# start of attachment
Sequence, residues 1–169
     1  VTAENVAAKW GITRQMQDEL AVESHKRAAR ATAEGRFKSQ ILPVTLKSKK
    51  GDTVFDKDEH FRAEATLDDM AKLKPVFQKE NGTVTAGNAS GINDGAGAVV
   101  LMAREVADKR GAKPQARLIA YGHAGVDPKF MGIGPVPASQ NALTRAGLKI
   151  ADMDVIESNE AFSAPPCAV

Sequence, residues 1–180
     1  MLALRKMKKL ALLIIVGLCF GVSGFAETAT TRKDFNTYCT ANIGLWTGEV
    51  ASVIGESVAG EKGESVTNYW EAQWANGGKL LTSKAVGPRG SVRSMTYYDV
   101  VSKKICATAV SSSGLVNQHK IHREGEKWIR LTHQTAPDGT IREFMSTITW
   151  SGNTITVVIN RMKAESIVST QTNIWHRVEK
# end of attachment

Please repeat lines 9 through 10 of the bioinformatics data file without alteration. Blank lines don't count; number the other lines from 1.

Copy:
   101  VSKKICATAV SSSGLVNQHK IHREGEKWIR LTHQTAPDGT IREFMSTITW
   151  SGNTITVVIN RMKAESIVST QTNIWHRVEK